Greece attracts many digital nomads from all over Europe and especially during the winter time. Working remotely is a growing trend among freelancers, entrepreneurs and employees. Not least with Covid-19 which has forced many to try what it is like to work from home. A study from McKinsey shows that 80% of participants enjoyed working from home during the pandemic. What does a digital nomad need? A good internet connection, a nice warm-up during the slightly cooler days and an environment where you can combine work and leisure.
Digital nomads from the Netherlands: our rental guests
I am glad that Dylan and Eline from Netherlands, who funded through our company, an accommodation for 8 month in the Peloponnese and the Mani area allowed me to ask about their “why-Peloponnese” story.
EK: Kalimera Dylan and Eline, can we start with a short presentation: what you are working with and when you start working remotely?
DEM: Kalimera! We have 3 different online businesses. Dylan is an IT professional so he does 1 day a week of freelance work. Furthermore we have an online babysitter platform for the Netherlands and we have a company focussing on female business owners to help them crush their goals.
So a lot of variety and that is really fun for us.
We did the remote work part time since 2019. So longer holidays where we combine working and traveling.
For example the flight to Curacao from the Netherlands was 12 hours and Dylan worked the whole time in the plain. It was one of his most effective working days.
EK: How do you both think it works to work remotely outside your own country? What is good and what is bad?
DEM: It is really easy to work remotely when you keep this in mind when you start your business. The focus of our business has always been online. So every business we create is easy to work for online. Furthermore it really helps that you can travel freely within the EU. So not a lot of restrictions.
The bad thing is, that sometimes the power connection goes off and then you can’t work. Luckily we bought a special UPS that gives us some time to save our work before the computer turns off.
EK: What is your “why the Peloponnese” history? Because I understand that you traveled a little before you came to the Peloponnese and Mani?
DEM: Well, we wanted to really stay in Greece. So we started on the islands and soon we decided it was not for us. The fact that you can’t always fly out in the winter and the harder connection to Athens was a big no for us. So then we also looked into Kavala but the weather is much worse than here. And then we found our perfect match. The Peloponnesos and the Mani. It has the island vibe, but you are still connected en close to the mainland and Athens. For us this was important because we want to be able to fly back to the Netherlands if this is necessary.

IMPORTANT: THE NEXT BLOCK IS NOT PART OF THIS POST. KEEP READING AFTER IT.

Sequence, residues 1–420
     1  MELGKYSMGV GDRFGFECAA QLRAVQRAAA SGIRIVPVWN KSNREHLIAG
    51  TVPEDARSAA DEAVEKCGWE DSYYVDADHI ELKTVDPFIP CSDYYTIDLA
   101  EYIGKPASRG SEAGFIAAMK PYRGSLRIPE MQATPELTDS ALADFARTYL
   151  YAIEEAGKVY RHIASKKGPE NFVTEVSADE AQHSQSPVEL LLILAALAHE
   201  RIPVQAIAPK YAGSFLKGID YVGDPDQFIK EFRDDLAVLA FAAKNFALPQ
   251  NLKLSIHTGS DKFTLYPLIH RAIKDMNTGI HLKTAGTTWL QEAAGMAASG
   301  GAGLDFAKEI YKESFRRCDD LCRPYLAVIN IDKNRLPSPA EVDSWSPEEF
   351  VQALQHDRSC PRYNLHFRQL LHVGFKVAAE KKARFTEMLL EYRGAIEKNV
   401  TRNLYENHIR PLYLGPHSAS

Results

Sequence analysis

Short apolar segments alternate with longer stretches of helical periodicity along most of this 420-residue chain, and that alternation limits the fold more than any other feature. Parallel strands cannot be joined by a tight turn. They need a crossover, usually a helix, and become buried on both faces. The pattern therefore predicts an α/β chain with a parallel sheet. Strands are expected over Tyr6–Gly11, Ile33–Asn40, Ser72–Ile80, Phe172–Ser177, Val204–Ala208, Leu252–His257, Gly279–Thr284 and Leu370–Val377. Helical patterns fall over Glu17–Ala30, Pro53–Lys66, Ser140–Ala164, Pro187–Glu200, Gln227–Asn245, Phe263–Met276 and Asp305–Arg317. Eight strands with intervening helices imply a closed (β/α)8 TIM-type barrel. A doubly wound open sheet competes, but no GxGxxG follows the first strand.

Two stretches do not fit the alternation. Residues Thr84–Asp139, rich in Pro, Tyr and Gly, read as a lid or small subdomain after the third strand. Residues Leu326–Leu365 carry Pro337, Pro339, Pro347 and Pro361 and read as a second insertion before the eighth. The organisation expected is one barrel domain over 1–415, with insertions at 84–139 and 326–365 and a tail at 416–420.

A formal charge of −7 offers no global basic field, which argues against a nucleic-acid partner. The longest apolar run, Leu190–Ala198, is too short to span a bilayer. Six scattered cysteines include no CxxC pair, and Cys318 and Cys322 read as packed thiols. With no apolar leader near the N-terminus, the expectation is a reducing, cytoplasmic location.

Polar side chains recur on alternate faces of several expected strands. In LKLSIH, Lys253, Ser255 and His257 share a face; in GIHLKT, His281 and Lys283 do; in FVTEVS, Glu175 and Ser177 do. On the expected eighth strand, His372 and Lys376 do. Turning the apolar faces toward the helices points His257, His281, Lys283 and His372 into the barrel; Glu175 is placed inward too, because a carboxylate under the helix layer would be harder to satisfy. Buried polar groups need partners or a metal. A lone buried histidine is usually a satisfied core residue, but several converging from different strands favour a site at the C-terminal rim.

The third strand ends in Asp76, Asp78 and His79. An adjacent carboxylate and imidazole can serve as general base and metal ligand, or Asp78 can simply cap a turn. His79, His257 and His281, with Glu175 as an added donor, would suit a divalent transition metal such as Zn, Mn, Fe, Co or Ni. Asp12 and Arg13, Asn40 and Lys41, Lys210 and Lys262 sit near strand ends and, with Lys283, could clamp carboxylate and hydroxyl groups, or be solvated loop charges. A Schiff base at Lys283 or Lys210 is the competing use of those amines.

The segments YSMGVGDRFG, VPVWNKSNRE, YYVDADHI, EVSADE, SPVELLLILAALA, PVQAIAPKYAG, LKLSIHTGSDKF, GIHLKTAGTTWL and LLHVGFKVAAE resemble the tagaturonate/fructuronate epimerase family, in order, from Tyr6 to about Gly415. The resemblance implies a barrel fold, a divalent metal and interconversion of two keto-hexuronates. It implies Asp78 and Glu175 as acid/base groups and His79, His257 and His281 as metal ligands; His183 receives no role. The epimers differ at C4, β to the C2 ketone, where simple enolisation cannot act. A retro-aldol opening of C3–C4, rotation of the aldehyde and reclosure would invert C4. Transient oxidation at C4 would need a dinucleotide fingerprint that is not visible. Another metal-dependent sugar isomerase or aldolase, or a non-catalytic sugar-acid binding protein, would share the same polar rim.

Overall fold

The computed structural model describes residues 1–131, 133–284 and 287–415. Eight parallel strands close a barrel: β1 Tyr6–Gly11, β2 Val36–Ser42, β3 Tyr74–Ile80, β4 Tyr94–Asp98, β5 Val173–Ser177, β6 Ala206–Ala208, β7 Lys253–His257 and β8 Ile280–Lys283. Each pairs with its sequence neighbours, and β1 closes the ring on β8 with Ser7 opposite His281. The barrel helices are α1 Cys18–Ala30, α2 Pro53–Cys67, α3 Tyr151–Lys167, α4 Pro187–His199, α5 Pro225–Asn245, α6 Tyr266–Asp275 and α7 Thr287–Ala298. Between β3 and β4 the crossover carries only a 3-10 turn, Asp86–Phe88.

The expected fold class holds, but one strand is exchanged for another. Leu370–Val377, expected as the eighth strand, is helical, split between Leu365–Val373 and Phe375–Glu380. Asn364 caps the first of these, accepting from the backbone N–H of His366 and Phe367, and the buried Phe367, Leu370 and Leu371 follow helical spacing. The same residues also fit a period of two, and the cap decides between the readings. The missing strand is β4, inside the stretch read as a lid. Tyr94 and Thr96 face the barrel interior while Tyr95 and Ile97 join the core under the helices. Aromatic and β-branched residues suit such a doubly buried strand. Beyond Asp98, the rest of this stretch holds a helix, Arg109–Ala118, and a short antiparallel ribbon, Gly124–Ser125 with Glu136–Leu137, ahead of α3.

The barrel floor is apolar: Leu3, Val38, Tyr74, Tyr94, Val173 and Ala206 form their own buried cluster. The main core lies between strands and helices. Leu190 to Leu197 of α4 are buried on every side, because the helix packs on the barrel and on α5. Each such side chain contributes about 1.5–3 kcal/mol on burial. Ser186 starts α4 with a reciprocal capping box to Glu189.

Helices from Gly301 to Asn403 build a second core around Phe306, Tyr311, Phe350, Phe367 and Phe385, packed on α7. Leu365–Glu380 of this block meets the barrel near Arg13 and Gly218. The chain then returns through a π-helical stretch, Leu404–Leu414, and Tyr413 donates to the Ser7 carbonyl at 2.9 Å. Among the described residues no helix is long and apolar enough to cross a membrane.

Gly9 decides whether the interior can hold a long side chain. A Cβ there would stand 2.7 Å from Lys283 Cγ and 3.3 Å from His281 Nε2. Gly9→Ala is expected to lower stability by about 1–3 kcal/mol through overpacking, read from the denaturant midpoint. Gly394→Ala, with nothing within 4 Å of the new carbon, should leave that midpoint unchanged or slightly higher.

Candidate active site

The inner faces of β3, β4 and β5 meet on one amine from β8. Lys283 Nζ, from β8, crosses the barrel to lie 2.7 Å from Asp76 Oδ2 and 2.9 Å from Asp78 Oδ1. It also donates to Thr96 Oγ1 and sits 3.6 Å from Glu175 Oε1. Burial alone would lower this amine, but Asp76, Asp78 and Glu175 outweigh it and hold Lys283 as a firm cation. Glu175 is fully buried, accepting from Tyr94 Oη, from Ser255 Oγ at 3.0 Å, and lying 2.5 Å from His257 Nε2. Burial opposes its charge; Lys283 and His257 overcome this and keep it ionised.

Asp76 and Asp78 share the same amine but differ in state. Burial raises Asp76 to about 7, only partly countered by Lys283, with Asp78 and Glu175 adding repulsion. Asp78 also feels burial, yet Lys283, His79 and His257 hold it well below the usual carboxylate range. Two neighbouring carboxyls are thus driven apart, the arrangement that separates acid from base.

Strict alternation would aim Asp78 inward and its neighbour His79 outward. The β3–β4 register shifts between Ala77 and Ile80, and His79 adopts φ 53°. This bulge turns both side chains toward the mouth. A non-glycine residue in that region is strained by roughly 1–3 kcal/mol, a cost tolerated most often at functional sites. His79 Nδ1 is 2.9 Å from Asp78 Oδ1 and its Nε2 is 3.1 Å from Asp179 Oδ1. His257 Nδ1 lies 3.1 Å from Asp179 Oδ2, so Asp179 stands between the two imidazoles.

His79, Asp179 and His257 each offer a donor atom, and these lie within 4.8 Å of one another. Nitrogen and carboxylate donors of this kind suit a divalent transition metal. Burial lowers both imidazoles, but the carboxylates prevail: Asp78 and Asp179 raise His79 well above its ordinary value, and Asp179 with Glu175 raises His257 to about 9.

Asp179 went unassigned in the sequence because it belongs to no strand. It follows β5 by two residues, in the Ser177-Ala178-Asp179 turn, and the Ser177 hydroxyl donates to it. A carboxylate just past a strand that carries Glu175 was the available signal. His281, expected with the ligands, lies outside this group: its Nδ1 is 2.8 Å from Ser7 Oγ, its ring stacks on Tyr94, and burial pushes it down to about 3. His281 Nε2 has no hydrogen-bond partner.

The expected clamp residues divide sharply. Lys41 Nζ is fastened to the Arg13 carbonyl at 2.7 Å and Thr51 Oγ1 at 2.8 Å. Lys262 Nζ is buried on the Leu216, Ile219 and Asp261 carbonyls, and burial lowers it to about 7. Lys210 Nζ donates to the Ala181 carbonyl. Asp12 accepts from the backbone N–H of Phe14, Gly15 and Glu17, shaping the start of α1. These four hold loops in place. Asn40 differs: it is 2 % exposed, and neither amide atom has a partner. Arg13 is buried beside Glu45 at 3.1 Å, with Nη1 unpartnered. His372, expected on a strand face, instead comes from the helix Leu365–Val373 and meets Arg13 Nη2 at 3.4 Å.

EK: What is your experience of Greek culture when it comes to meeting foreigners?
DEM: It depends. We have some great experiences with really nice and friendly people. But sometimes you come across a grumpy person who doesn’t speak English and although we try really hard, our Greek is still not good. So that can be difficult. But most of the times we really enjoy the people here and how kind they are.
EK: You did not just come to work from Messinia, you also decided to buy a house? So the nomad life is over but you will still work remotely? And it will be Greece forever for both of you and your cats?
DEM: Yes, we think Greece is our perfect home base so we decided to buy a house here. The lovely weather, easy access to Athens via the great highway, and the food is for us a must stay. Also the great amount of land you get here and the incredible views are something to stay for. Forever is a long time, but at least the next few years we will stay here.
EK: To sum up: can you describe in just three words how and if your lives have changed since you decided to buy the house in the Peloponnese?
DEM: Sun, sand and great views.
UPDATE: Dylan and Eline from Netherlands bought a house near Kalamata. Follow their Instagram account:@kalamatacityguide